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New Patient Consult Tips for Associates

First and foremost, you need to find additional training to fill in some of the gaps you did not learn in dental school. From my training with The Dawson Academy, I realized the importance of having meaningful and organic patient consults.

The whole new patient experience changed for me.

From there I was learning how to treatment plan based on what the patient was telling me during that consult. The patient and I discuss types of treatment and amount of treatment. I think consults were one of the things that I struggled with at that time. When I was starting to implement some of the Dawson philosophy and understanding how to treat patients this way, I really struggled with consults, and I think a lot of people do.

Connect with the patient, don’t just talk about treatment.Patient Communication

A lot of our teachers and our mentors have been doing this for 30-plus years, and they're really successful at consults. It's easier for them to go in there with confidence that their options are the best and that their experience makes it easier for them to treatment plan on the fly when the patient changes the direction. I remember struggling with this, trying to do the same things that they were doing, and I had such a hard time going in there and talking ideal treatments but then still connecting with the patient. It has to be both!

Do you want to be a butcher or a dietitian?

If you went to a butcher and you said, "What should I eat for dinner today?" then he's probably going to tell you meat because he sells meat. Versus if you went to a dietitian and you said, "What should I eat tonight?" the answer would be pretty different. They would be asking a lot of questions about your health habits, offering different options and trying to find that perfect, balanced meal for you.

Our job is to educate and provide options.

As soon as I heard that analogy, it just clicked for me that my job is not to make sure they're always choosing what I think is the perfect treatment, without considering what they want. My job is to educate the patients on what is going on in their mouth. My job is to always be at the top of my game from an education standpoint so that I know the different options. This is crucial because if I know how I can phase them through it and get this done over the period years, I can make it financially affordable for them. My job is to help them make the best decision for them and for their family.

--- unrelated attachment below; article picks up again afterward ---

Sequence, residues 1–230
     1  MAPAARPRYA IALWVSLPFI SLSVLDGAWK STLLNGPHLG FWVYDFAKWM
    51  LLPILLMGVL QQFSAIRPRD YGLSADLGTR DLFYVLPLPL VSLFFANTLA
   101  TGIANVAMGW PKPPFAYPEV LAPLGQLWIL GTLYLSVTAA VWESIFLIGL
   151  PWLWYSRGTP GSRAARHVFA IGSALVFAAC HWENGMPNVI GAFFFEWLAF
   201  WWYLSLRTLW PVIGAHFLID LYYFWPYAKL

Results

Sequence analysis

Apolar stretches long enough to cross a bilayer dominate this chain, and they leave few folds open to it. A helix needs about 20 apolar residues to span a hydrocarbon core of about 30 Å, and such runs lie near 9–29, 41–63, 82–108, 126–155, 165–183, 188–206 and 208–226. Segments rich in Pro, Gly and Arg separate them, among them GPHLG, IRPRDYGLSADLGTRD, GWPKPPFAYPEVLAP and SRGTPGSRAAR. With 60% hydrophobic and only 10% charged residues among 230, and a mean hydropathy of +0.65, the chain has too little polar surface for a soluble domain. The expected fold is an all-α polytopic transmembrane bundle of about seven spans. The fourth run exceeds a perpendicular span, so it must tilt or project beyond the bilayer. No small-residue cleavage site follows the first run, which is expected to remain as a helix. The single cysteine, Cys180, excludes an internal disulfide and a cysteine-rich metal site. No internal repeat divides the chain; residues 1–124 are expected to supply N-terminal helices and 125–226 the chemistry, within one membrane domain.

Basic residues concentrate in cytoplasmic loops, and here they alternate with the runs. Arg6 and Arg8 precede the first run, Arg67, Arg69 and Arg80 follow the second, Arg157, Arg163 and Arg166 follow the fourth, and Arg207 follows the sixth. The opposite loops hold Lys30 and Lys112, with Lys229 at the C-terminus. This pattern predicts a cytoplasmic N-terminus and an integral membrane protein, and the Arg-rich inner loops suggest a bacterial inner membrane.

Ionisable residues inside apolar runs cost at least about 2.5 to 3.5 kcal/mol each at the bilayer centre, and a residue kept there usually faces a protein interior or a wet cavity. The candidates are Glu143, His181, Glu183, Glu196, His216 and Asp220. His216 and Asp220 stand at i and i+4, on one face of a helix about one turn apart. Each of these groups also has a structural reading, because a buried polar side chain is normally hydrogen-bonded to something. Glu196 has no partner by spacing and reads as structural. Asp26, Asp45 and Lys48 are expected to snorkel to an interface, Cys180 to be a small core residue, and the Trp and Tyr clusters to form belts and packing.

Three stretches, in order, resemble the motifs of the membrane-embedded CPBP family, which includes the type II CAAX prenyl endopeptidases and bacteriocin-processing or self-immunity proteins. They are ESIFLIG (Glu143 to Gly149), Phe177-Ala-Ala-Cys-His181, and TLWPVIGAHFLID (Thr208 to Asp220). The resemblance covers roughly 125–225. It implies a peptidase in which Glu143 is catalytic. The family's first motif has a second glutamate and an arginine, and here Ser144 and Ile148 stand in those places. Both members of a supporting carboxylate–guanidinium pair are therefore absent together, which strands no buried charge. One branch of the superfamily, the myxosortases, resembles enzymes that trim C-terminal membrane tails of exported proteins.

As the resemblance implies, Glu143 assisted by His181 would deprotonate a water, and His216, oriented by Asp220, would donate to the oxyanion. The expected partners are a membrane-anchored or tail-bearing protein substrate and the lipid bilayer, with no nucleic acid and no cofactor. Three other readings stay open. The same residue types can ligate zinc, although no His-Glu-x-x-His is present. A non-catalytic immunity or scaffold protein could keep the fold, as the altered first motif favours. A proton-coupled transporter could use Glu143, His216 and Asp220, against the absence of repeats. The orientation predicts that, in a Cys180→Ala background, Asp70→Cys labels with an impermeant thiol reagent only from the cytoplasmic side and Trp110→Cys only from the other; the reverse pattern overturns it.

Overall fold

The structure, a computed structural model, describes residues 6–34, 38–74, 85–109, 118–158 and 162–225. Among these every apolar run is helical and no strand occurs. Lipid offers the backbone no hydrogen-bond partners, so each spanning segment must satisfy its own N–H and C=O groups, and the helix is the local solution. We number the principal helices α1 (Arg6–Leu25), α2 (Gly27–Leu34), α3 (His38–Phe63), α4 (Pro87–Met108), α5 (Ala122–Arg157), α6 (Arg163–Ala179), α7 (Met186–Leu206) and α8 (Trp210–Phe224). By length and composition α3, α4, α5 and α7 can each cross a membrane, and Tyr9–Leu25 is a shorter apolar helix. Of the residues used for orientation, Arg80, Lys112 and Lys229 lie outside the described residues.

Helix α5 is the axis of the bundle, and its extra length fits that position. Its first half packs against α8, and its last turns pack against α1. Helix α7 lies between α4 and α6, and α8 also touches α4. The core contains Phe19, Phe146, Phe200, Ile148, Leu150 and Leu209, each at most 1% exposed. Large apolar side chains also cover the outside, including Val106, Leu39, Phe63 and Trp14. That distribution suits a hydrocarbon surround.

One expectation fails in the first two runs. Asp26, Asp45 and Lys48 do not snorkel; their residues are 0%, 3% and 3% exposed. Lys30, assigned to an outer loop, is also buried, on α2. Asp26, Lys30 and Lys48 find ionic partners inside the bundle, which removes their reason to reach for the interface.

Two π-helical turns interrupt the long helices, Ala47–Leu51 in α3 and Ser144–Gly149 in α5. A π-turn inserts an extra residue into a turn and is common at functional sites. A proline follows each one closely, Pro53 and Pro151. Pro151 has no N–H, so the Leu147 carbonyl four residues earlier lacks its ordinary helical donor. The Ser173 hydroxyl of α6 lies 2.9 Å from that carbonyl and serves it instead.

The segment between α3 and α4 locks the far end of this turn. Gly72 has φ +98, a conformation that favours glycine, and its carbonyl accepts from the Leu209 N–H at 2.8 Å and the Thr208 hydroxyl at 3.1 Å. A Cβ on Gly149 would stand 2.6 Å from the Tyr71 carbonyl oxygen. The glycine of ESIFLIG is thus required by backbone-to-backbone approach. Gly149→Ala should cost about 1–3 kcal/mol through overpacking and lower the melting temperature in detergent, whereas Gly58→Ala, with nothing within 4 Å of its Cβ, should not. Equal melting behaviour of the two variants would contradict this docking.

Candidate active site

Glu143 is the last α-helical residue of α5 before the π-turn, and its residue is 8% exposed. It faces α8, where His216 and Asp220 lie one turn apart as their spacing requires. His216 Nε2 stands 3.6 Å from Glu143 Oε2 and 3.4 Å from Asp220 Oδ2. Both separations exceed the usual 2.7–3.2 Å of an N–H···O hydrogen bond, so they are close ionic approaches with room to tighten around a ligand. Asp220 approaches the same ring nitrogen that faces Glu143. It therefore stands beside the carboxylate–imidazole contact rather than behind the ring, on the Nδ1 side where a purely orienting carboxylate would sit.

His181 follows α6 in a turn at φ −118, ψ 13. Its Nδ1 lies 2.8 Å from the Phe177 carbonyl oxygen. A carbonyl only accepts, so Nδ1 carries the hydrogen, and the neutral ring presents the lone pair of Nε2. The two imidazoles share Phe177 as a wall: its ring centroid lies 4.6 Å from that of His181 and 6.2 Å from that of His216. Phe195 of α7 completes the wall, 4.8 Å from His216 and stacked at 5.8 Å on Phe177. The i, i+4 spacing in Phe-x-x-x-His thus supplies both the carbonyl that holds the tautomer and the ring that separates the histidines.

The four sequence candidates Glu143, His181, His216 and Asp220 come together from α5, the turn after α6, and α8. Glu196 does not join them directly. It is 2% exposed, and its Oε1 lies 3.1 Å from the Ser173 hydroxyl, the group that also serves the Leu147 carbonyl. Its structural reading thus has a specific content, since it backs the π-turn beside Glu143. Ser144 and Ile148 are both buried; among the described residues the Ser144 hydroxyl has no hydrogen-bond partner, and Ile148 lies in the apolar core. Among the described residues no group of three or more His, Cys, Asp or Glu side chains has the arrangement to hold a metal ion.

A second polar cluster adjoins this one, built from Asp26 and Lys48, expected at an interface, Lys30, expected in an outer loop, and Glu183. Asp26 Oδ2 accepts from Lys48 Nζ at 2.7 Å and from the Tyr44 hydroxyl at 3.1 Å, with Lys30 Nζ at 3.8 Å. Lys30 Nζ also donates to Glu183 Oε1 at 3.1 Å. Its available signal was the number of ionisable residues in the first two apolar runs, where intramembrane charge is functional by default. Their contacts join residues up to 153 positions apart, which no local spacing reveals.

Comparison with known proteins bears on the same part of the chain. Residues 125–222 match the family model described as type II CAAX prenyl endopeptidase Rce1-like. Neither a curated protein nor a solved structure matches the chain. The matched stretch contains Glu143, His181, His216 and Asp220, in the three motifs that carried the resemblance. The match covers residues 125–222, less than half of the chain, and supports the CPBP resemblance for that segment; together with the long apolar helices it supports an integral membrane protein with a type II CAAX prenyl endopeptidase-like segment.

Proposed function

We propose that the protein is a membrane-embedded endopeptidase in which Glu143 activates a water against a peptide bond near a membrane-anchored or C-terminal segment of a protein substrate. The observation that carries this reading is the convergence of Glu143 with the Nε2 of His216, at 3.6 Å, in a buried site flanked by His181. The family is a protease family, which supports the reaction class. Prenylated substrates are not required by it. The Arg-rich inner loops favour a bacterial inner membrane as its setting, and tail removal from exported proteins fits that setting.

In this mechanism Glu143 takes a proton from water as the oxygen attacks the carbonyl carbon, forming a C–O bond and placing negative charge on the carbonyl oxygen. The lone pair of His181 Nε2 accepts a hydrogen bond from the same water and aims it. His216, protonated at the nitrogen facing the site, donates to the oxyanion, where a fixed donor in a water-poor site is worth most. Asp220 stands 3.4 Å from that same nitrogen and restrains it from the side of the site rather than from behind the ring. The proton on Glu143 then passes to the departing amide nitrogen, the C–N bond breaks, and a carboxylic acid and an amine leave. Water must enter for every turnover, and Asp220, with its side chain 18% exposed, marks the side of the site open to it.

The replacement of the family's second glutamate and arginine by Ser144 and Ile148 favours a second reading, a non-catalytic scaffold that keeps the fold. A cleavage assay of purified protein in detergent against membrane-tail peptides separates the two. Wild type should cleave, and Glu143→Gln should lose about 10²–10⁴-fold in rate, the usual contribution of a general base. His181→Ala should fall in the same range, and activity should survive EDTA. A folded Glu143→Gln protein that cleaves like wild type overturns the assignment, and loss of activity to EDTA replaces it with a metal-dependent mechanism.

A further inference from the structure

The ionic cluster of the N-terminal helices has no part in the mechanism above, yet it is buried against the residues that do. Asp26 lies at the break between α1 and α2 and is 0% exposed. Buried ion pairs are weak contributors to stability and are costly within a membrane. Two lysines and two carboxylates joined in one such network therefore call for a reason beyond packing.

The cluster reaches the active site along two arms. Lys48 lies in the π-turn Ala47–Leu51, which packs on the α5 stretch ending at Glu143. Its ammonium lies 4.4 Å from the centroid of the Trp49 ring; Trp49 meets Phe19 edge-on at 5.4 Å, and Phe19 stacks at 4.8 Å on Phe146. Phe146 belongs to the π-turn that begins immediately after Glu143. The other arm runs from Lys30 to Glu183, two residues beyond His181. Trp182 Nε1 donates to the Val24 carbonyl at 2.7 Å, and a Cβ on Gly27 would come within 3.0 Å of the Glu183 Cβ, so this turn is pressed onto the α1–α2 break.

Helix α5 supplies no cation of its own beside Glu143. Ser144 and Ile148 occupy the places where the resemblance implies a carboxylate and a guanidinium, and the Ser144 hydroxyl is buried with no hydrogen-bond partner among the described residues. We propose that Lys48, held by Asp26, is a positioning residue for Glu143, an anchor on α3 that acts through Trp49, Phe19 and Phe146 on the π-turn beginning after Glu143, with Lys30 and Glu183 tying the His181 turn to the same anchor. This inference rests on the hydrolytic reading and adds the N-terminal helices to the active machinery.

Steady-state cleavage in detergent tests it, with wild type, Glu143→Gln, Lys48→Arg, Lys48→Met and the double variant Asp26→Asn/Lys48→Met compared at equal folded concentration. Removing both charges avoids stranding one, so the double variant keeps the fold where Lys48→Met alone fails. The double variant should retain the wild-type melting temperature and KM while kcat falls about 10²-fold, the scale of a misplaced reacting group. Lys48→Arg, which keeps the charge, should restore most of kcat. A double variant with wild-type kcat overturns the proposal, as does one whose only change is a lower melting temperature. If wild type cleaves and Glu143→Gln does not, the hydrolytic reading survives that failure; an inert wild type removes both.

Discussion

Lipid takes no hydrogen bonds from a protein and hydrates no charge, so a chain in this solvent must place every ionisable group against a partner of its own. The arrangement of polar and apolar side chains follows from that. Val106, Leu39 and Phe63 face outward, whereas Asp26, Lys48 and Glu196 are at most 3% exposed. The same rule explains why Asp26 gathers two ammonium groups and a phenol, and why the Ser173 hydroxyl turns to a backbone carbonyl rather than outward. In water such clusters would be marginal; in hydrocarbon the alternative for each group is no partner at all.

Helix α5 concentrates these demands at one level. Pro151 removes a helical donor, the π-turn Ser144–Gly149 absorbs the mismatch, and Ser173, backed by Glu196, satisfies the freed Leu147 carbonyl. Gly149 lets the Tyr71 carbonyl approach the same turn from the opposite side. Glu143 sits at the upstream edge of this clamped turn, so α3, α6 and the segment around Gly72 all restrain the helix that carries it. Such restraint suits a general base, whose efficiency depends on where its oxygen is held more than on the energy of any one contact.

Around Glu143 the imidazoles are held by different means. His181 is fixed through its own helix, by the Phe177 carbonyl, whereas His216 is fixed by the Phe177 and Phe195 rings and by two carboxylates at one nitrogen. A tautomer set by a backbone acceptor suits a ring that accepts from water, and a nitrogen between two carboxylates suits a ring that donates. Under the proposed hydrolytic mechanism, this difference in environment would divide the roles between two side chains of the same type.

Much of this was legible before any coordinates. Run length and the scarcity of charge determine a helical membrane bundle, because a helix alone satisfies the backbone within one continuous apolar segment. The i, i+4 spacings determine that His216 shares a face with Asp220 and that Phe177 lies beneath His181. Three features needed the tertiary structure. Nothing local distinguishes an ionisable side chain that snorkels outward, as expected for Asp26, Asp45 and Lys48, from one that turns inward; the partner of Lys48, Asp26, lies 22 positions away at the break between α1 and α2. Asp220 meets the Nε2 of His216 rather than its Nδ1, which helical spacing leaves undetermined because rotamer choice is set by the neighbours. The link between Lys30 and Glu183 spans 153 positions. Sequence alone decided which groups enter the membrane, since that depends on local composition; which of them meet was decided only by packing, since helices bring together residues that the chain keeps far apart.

Your initial treatment plan is not set in a stone, make it a ‘working consult’.

Once I made that switch from butcher to dietitian, the consults became almost effortless, and I started to enjoy them. I had the mindset of going in there and just truly feeling like I'm helping somebody. I call it a working consult because I can be in there with a treatment plan, and we'll move things around. Typically, when the patient leaves, we at least have a direction, and I really feel like we’re on the right track to helping them.

You have done the hard work to learn this, now focus on building trust.

Patient_CommunicationYou just need to focus on building that trust and getting on their side of the table to find the best option for them. I just started asking questions and being curious about what they were thinking. I think the worst thing you can do is tell a patient a big solution or treatment plan when they're not ready to hear it. This an important concept I think a lot of new grads miss, because that builds their trust.

I want them to know that I am just listening, and I want to help them with where they are now. It doesn't mean it's right or wrong. It's not right or wrong to choose different options or not choose the most ideal option. But I think that has played a big part in it because then it just really does feel like a conversation because that's what we're doing. It's not me telling them what to do, we're having a conversation about, "Yes. You understand it. You understand the compromise if you don't go forward with maybe the most ideal, but we're still going to help you." You need to show them that you are on their side.

Gain confidence to provide excellent treatment in our hands-on course, Treatment Planning - Functional Esthetic Excellence.

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Picture of Dr. Rachel Caldwell

Dr. Caldwell is an associate faculty member at The Dawson Academy. She is assitant teaches at various courses for the Academy. She was the owner of her own practice in Winter Springs, Florida for 7 years. Believing that there is nothing more important than the love and support of family, Dr. Caldwell sold her practice and moved back to St Petersburg, where she practices fulltime.